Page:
Some of the world’s most unique animals can be found on islands. Ecosystems and predator-prey relationships on islands are more closed off than their mainland counterparts, paving the way for some distinct adaptations—think of enormous Komodo dragons (indigenous to the Indonesian island of Komodo and surrounding islets) or tiny Key deer (indigenous to the Florida Keys). But island life isn’t always easy and even the smallest ecosystem changes can put these animals at risk.
Here are two species that have adapted to the island lifestyle, but are now under threat due to human activity and invasive species.
Evolving on the islands of New Zealand with few predators and plenty of space, these birds adapted to life on land in a big way. Kakapos are the only flightless species of parrot in the world—and happen to be the heaviest, too.
Without predators, kakapos safely foraged on the ground and picked fruit from trees without a need for flight. But all that changed with human settlement and introduced species such as cats, rats, and weasels. Today there are fewer than 160 kakapos left.
Solenodons have been on islands of their own for a very long time, both genetically and geographically. Solenodons retain primitive mammal characteristics; DNA studies indicate they diverged from other mammals about 78 million years ago. Today, there are two remaining species, each indigenous to a large Caribbean island (Cuba and Hispaniola).
Once a dominant predator on these islands, solenodons adapted an omnivorous diet and are one of the few venomous mammals in the world. Even their venomous bite, however, has not protected them from the introduction of other predators (mongoose, dogs, cats), competing foragers (rats and mice), and human development. These forces have put solenodons at risk. Both the Cuban solenodon and the Hispaniolan solenodon are currently listed as endangered species.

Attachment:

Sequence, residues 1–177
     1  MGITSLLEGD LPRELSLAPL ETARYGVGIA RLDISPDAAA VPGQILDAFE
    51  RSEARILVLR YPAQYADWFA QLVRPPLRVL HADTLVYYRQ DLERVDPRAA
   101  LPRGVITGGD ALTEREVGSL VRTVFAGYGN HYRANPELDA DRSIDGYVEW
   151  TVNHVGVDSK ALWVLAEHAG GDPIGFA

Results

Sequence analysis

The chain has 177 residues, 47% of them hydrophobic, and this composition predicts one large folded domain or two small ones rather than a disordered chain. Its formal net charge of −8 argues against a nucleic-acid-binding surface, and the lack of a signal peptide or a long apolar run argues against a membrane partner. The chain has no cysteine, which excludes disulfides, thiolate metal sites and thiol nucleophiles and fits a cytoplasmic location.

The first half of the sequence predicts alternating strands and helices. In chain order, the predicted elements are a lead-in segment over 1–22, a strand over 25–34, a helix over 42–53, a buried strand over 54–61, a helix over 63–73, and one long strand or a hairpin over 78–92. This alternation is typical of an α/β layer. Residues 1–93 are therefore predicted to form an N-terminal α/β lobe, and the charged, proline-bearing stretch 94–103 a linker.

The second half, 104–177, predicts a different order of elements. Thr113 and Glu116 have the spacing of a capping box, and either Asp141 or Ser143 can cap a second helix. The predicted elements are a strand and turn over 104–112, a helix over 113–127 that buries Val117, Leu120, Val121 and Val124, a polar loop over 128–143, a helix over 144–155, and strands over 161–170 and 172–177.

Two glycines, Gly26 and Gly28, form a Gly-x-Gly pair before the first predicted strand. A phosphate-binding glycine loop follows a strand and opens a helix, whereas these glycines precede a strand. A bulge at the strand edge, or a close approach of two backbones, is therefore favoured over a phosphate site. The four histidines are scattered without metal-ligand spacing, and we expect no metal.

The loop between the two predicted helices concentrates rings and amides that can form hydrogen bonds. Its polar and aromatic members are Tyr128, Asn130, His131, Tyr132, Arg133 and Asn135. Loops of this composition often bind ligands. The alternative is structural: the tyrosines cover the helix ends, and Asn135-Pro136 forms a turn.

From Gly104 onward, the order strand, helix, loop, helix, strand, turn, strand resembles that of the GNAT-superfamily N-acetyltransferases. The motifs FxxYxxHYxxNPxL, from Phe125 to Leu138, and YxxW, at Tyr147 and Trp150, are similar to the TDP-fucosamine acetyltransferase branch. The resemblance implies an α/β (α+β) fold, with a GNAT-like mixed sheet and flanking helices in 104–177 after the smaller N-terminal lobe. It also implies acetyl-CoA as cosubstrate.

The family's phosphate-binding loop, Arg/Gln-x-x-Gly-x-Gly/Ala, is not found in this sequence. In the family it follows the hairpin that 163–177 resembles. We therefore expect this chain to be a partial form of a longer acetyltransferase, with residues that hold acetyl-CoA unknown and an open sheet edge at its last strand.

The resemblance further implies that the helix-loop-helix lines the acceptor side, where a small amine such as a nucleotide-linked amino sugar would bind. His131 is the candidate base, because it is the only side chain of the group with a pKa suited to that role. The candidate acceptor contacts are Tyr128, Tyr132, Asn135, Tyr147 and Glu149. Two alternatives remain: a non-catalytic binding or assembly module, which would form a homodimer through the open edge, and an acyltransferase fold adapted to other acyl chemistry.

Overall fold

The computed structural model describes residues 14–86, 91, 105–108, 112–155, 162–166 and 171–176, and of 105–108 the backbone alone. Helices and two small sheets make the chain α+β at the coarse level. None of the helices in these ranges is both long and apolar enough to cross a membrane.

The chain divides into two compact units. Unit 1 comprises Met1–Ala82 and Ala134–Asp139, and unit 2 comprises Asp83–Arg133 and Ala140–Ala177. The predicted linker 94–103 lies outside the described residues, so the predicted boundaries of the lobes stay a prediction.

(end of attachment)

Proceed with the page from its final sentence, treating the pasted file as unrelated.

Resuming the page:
Solenodons and kakapos have adapted to make the most of their island environments. Can you think of other species that have done the same?
What are the major threats to island ecosystems?
There were only 18 kakapos left in 1970, but scientists were able to manage the remaining population, which grew to 123 in 2014. What do you think drove the kakapo recovery?
- National Geographic Phenomena: Kakapo Coprolite Yields Conservation Clues
- National Geographic News: New Zealand Announces Plan to Wipe Out Invasive Predators
- Wired: The Creature Feature—10 Fun Facts About the Solenodon
- National Geographic Voices: New Zealand’s Spokesbird Sirocco the Kākāpō
Term Part of Speech Definition Encyclopedic Entry adaptation Noun
a modification of an organism or its parts that makes it more fit for existence. An adaptation is passed from generation to generation.
Encyclopedic Entry: adaptation ecosystem Noun
community and interactions of living and nonliving things in an area.
Encyclopedic Entry: ecosystem endangered species Noun
organism threatened with extinction.
Encyclopedic Entry: endangered species invasive species Noun
type of plant or animal that is not indigenous to a particular area and causes economic or environmental harm.
Encyclopedic Entry: invasive species omnivore Noun
organism that eats a variety of organisms, including plants, animals, and fungi.
Encyclopedic Entry: omnivore predator Noun
animal that hunts other animals for food.
animal that is hunted and eaten by other animals.